The Atlantic Charter proved to be very influential on public opinion and its inspiration spread much further than its drafters intended. The statement of self-determination for all peoples in the world Churchill almost definitely meant to apply only to the oppressed people of Europe under the Nazi regime. Rampant Imperialist that he was, he certainly did not mean for the principle of self-determination to extend as far as India! Roosevelt was also confronted with the awkward system of racially-based repression and discrimination in the United States, which unfortunately lingers to this day. Despite the shortcomings of the creators of the Charter, it would be the first step the Allies would take in organizing the peace after the war in an attempt to avoid the failures of 1919.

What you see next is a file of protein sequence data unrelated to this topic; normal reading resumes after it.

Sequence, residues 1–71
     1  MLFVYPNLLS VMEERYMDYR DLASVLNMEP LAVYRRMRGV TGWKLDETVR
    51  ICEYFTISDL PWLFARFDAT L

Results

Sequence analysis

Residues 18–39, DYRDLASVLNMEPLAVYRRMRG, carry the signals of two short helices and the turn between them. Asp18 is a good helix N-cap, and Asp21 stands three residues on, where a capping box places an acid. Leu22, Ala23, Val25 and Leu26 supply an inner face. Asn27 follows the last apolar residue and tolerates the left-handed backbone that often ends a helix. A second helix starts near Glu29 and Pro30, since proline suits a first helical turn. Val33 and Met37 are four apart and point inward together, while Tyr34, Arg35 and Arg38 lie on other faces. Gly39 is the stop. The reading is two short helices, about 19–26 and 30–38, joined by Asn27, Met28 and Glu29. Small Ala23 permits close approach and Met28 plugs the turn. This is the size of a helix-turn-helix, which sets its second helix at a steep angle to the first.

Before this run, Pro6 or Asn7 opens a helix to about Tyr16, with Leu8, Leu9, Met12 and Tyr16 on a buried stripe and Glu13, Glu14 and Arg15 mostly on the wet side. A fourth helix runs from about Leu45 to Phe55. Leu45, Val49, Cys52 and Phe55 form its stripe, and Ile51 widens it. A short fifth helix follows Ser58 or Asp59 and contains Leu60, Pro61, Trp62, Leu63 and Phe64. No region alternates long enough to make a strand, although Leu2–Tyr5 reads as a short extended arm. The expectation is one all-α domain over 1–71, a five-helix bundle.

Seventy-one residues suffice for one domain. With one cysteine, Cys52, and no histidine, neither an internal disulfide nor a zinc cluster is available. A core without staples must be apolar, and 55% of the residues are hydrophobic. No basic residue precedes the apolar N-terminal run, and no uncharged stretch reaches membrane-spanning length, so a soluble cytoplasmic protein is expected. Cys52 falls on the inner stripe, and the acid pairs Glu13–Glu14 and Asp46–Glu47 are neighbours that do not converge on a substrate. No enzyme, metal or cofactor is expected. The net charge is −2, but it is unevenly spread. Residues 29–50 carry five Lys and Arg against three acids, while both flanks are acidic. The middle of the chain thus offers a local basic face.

Borgwardt also focuses on the differences in public opinion in 1945 versus 1919. Obviously the high aspirations of a post-war international order had their origins with Woodrow Wilson's League of Nations, which proved utterly ineffective at accomplishing anything or even preventing a second war twenty years later. After World War I, Americans in general were ready to return to normalcy, as Warren G. Harding put it, and had no interest in joining an international organization that promised to get them entangled in more European politics. As Borgwardt puts it, everyone wanted to go back to 1913 before the war began. However, by 1945 there was a very different attitude among the American population and a majority of Americans believed that the United States should be involved in international organizations after the war was over to help prevent future conflicts. This assessment was made easier by the creation of scientific polling in 1935, which provided both Congress and the Roosevelt administration with a hitherto unprecedented insight into the mind of the average American.